Republicans seize House of Representatives from battered Democrats
The Republican Party has recaptured the House of Representatives from the Democrats, delivering a stunning rebuke to President Barack Obama just two years after he won the White House.
The party won a slew of Democratic seats in America's eastern time zone such as Indiana and Virginia, and were on course for an overall gain of 52-55 seats by the time votes in the rest of country had been counted.
But Republicans fell short of their ambitious target of the ten seats needed to win the Senate, which would have given them total control of Congress.
The Democrats keep a narrow lead in the Senate, which will give the party considerable leverage against what is expected to be a barrage of Republican legislation from the House designed to unpick President Barack Obama’s achievements in his first two years.
Early in the evening the Republicans celebrated as Tea Party favourites Marco Rubio and Rand Paul won in Florida and Kentucky respectively.
Mr Paul achieved the historic feat of becoming the first member of the anti-tax, small-government Tea Party member to win a Senate seat. The committed libertarian, son of Representative Ron Paul, who was a maverick 2008 presidential candidate, prevailed in Kentucky.
In his victory speech, he proclaimed that "tonight there is a Tea Party tidal wave and we are sending a message” He continued: “It's a message of fiscal sanity, limited constitutional government and balanced budgets."
Mr Rubio delivered a warning to the Republican leadership in Washington that the party had to learn from the mistakes made after it last won a majority in 1994, when it abandoned the principles of balanced budgets and small government.
"We make a grave mistake if we believe tonight these results will somehow embrace the Republican Party. What they are is a second chance. A second chance for Republicans to be what they said they were going to be, not so long ago," he said.
In the Senate, Republicans picked up Democratic seats in Indiana, Wisconsin, North Dakota, Pennsylvania and Arkansas as well as Mr Obama's former seat in Illinois.
In Nevada Senator Harry Reid, the Senate Majority Leader narrowly beat Sharron Angle, another Tea Party favourite also supported by Sarah Palin, the vice-presidential candidate in 2008.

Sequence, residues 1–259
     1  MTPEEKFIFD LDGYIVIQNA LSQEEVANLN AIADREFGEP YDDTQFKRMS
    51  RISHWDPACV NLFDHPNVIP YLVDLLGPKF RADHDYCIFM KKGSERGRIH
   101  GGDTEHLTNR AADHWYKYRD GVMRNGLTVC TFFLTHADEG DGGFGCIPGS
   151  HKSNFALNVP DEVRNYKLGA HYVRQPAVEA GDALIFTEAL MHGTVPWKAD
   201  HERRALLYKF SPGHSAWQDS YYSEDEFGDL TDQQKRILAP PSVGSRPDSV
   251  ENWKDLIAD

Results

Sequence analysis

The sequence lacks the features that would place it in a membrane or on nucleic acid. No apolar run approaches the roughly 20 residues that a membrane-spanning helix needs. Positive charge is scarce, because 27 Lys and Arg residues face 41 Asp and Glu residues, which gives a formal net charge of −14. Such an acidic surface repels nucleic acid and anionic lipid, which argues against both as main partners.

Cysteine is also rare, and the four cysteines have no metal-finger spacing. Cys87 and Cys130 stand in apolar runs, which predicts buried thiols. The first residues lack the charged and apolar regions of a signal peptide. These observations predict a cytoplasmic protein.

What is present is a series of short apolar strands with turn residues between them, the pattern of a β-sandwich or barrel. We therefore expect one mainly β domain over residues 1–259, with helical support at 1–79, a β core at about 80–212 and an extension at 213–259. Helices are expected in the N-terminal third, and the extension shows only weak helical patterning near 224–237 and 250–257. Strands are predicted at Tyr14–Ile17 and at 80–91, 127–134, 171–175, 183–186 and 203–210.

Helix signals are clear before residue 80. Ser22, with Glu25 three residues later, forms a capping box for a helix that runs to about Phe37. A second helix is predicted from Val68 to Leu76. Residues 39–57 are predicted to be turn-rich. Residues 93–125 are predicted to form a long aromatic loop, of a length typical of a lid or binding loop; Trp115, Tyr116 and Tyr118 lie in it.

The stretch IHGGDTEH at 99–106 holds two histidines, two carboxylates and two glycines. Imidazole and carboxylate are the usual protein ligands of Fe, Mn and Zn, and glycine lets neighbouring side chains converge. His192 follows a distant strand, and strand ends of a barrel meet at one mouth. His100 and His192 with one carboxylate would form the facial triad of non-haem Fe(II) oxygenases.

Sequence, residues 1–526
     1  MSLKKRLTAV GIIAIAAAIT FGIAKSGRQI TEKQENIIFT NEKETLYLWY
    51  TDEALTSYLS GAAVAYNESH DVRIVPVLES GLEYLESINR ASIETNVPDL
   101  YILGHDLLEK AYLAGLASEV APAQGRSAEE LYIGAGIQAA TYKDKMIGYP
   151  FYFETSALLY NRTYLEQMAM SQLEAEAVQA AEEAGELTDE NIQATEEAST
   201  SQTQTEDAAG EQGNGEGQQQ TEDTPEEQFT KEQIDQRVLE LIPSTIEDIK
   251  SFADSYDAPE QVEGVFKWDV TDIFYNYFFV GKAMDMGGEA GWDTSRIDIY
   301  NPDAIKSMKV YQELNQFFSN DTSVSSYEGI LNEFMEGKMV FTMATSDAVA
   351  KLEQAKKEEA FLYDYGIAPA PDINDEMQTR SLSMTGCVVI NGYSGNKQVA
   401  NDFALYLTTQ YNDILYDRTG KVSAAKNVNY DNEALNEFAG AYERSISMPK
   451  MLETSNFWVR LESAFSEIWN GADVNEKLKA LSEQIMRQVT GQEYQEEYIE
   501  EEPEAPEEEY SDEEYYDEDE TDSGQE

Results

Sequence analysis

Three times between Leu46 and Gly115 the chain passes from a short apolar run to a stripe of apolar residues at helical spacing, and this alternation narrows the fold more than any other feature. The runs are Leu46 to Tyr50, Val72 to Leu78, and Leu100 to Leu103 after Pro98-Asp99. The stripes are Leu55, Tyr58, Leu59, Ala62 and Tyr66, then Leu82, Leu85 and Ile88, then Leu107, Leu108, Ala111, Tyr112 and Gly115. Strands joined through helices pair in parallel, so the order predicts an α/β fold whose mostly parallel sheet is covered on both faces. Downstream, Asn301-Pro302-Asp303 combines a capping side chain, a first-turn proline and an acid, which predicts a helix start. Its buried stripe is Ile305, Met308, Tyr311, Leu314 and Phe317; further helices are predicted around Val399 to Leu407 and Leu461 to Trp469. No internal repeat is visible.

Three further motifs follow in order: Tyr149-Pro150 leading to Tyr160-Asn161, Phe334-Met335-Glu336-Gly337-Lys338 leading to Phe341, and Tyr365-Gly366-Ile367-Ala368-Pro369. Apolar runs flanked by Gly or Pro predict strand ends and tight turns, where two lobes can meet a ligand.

Democrats took solace in Joe Manchin’s victory in West Virginia and Barbara Boxer beating Carly Fiorina, the former Hewlett Packard chief executive, in California. In Colorado Michael Bennet was on course to defeat Tea Party-backed Republican Ken Buck.
In the House, Congressman John Boehner became the new Speaker, succeeding Nancy Pelosi, who became the first woman to hold the post in 2006.
In a tearful victory speech, he said: "We hope President Obama will now respect the will of the people, change course, and commit to making the changes they are demanding. To the extent he is willing to do this, we are ready to work with him.
"But make no mistake, the president will find in our new majority the voice of the American people as they’ve expressed it tonight: standing on principle, checking Washington’s power, and leading the drive for a smaller, less costly, and more accountable government."
The White House confirmed later that Mr Obama had spoken to Mr Boehner and the President said he was “looking forward to working with him and the Republicans to find common ground, move the country forward and get things done for the American people.”
A majority of women, less well-off voters and Catholics – all groups that helped Mr Obama win the White House – said in opinion polls that they would back Republican candidates this time over their Democrat opponents, while turnout among young and black voters looked to have dropped.
As well as the votes for Congress, there were elections for 37 state governorships that would decide how the US is run at a regional level and also affect the redrawing of electoral district boundaries.